The locket keeps her sane. Or maybe it does exactly the opposite... Either way, she doesn't think that she would be able to cope for a single day if she couldn't look down and see Peter's face, framed in gold, around her neck like a talisman. Wendy knows that girls her age shouldn't feel like this; empty, alone, the widow of a man yet to die.
They were childhood sweethearts. Peter had been the guiding light of her adolescence, the only one she could ever imagine being with. She doesn't know if he felt exactly the same, but the main thing is they were together from the start. When eighteen came, they left home and set up house together, a grown-up child and his little lady. An engagement ring appeared like a thimble on her finger, and sometimes, in the middle of the night when neither of them could sleep, they would whisper words like baby to each other. She remembers calling him baby when they were saying goodbye, when he left to join the Forces and she stayed behind in their flat, twisting the ring round and round and searching for a picture of him small enough to fit into the locket he gave her.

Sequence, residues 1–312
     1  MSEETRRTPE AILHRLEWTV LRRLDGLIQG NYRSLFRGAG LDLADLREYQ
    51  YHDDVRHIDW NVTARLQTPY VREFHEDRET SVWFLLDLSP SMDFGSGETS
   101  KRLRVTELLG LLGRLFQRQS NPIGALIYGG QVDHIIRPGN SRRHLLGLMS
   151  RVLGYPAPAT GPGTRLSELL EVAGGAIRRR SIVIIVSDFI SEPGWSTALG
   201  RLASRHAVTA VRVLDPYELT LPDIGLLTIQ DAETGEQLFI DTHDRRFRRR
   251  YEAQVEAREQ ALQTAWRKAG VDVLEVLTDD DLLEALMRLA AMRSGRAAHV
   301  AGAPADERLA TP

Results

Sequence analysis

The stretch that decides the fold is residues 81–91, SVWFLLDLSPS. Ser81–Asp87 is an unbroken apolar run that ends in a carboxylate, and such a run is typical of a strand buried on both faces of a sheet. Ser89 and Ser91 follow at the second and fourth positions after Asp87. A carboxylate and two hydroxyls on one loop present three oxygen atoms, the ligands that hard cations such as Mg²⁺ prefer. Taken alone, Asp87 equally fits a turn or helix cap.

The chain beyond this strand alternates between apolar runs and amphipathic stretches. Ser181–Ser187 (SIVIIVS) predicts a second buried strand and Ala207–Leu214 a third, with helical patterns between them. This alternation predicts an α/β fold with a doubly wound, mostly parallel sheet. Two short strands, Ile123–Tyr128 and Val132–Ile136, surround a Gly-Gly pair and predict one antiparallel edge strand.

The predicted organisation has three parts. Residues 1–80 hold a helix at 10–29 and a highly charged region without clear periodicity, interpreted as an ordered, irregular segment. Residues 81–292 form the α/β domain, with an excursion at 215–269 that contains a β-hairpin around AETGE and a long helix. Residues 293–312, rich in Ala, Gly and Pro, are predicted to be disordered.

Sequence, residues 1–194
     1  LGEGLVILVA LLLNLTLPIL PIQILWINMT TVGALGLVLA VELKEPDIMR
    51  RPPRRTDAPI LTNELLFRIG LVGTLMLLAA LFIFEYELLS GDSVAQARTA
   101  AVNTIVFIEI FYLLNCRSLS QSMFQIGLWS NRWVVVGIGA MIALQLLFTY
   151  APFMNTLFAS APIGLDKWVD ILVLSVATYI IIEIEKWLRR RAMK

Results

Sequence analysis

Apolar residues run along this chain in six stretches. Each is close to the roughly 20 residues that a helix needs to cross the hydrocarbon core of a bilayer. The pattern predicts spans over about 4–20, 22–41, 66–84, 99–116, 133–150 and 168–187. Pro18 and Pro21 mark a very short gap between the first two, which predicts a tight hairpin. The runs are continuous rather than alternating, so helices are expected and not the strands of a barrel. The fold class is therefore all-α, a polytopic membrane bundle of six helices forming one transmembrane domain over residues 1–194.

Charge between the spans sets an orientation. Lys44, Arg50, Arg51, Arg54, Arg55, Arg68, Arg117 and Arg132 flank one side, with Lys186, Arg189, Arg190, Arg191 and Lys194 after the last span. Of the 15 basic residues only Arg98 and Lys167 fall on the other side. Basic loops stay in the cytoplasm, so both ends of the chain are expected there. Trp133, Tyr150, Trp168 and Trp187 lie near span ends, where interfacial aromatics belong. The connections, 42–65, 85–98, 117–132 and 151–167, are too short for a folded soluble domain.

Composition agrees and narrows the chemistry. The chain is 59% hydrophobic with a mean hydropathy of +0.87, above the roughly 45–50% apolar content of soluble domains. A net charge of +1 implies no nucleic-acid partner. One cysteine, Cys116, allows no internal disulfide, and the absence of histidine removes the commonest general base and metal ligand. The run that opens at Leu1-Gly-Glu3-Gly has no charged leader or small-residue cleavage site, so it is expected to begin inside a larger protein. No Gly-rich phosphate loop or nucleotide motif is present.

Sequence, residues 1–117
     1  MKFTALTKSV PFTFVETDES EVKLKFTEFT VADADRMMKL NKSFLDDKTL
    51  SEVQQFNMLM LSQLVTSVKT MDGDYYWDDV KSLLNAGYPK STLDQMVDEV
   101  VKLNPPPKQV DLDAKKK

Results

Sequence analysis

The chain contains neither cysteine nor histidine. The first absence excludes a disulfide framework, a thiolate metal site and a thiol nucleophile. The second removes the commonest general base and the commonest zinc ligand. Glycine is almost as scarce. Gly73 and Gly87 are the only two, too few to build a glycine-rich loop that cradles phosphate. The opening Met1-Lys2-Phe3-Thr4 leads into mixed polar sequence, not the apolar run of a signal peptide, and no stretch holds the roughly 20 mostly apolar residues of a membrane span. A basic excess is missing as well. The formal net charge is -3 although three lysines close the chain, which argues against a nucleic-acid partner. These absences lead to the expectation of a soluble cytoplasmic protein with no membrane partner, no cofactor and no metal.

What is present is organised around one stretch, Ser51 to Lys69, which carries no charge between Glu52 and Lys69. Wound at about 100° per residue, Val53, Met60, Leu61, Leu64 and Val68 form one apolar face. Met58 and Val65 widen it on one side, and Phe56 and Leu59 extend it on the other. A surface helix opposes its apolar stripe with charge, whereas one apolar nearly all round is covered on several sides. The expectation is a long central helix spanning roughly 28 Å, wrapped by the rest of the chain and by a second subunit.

The boys who used to flirt with her at school, they're married now - hitched to beautiful girls who fell pregnant after their first time. She hears them all talking about their jobs, their children, their fast and important and oh so grown-up lives, and she wonders why she hasn't changed at all since God only knows when. Secretly, she knows the reason. Peter. Her life is tied to his, she's always known that, and she's always taken comfort in it. Why, then, does she wish that things could be different? Her life can't start for real until he's here, until he's home and safe and never going anywhere ever again. She's frozen in time until Peter kisses her back to life.
A bomb could go off in a faraway country, and she wouldn't know. She might wake up in the dead of night, chilled for no apparent reason, but she wouldn't know anything for sure. Or a stray bullet could take his life, and still she'd be none the wiser. His thread would be cut short on the other side of the world, and Wendy would still sit in the tiny flat they called theirs; waiting, always waiting, for her Peter to come flying home.